Every year you delay investing could mean several thousands of dollars (or pounds) lost over your lifetime. For instance, look at this article which proves that if you start investing at 25 as opposed to 35, all else being equal, you could end up with almost twice as much money later in life. Then pause for a second and think about what is possible if you started investing at 18 or 20 instead.
Imagine how far ahead you’ll be!
2. Start a side hustle.
Again, the main culprit here was my own limiting beliefs. “Adults start businesses. Not college students.”
Looking back, college would have been a perfect time to start a side hustle since there is no penalty for failure. If the business fails, big deal. I’d just get on with my studies and look for other ideas. I have no major bills to pay or a family to support. Moreover, if you ask someone in your university (a professor, your university’s entrepreneurship center etc…) chances are there are grants specifically intended for students to start businesses.
Today of course, you don’t even need much money to begin.
You could start a blog like many other students and working professionals, and if you really don’t want to spend any money you could always create a free account on medium.com and start blogging there.
3. Build good financial habits.
I thought I had learned everything about money. It was a painful realisation that what I had actually learned is how important it is to learn about money! I found myself spending on a whim certain times whilst other times, I would pinch pennies like there was no tomorrow.
Eventually, I learned that the way to build good financial habits is to take 30 mins out on the first of every month to divide your money into different bank accounts.
One bank account for investing, one for long term savings, and yes, one account for having fun!
For instance, say you plan to spend no more than $700 every month. You could leave $400 in your main account for food and other necessities, transfer $100 to another account to save for the long term, $100 to yet another account to invest and then $100 to yet another account for going out with friends, travelling or doing whatever else you love to do.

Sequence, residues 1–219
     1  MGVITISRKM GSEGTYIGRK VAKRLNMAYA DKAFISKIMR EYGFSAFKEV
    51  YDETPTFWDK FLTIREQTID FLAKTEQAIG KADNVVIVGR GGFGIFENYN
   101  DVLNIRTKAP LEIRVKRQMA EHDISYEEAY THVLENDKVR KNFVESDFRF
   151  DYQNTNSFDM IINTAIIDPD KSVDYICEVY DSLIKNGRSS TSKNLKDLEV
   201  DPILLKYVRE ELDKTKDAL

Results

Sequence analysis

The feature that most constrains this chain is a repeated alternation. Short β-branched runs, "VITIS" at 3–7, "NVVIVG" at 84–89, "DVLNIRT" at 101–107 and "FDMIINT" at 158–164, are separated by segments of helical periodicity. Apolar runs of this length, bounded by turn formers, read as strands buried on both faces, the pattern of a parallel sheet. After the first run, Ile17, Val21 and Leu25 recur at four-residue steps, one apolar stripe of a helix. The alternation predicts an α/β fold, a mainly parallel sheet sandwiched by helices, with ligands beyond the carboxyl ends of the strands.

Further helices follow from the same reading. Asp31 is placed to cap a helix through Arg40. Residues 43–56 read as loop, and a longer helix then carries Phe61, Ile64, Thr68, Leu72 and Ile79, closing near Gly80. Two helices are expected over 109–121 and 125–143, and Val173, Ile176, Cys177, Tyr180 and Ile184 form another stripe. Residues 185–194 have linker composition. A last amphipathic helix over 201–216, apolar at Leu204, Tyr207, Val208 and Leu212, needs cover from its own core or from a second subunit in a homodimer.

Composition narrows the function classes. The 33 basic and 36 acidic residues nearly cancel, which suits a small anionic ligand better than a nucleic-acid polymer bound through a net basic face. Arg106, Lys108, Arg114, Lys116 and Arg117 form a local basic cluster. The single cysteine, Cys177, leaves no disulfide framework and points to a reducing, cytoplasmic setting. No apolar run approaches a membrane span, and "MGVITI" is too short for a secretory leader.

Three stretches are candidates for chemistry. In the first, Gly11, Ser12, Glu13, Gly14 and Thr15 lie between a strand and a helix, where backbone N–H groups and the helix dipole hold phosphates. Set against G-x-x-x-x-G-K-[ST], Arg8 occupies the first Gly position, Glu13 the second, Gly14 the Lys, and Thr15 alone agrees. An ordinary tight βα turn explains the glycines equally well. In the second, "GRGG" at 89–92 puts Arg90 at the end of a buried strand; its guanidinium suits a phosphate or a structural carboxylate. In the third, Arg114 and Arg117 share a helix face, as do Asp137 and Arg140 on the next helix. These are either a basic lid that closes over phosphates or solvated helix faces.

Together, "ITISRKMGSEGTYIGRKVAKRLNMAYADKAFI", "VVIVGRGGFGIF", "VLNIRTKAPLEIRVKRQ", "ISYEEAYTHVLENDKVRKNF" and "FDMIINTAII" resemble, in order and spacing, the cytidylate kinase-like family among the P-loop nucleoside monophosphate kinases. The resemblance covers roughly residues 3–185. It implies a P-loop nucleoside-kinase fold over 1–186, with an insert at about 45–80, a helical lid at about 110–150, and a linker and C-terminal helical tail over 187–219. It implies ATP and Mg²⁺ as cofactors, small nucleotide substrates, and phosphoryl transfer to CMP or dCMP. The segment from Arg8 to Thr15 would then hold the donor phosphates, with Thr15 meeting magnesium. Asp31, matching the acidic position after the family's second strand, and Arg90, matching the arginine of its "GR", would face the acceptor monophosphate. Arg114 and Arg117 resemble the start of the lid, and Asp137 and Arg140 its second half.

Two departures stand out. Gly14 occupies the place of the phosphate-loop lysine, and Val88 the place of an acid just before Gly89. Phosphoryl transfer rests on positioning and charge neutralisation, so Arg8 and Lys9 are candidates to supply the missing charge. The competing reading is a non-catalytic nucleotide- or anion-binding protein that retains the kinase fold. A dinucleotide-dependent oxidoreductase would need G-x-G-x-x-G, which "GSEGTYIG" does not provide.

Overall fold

Your bank may even allow you to hold different debit cards that are tied to these different accounts. So when you go out with friends, you spend using the debit card connected to your “having fun” account. Once you had spent your $100, you card would deny future payments hence ensuring that you never overspend.
Building such habits early on means you are more likely to stick to them for the rest of your life setting you up for a lifetime of financial success.
One of Steve Jobs’ favourite Hindu sayings went something like this – “For the first 30 years of your life, you form your habits. For the rest of your life, your habits form you.”
I’d like to end by saying that in today’s world, anyone can do anything. We can start businesses online with no money down. We can start investing while still in college and get a head start on growing our money. Do not wait until you graduate and “enter the real world” to pursue your dreams and build a better financial future.
You can start building a better future TODAY whilst you are still in college.
Now I’d love for you to tell me in the comments below:
What is one tiny little step or habit you will start today to put yourself in a better financial situation?
I read and respond to every comment!
Financially Mint top takeaways
Top mistakes to avoid in college
A ton of valuable advice in this article. I really love the tip of having different debit cards for different types of spending. And the great important message: yes you can start anything, even in college. Who’s motivated to get started?!!
Jalpan is a Personal Finance blogger at Passive Income Engineering and an engineer by profession. He loves using analogies to simplify exact step by step investing strategies that generate cash flow and passive income. His goal is to help make your money work for you. Jalpan also writes about investor psychology and discusses why certain investment strategies work for some, but not for others. You can watch over his shoulder and learn two of his strategies by getting his free course here.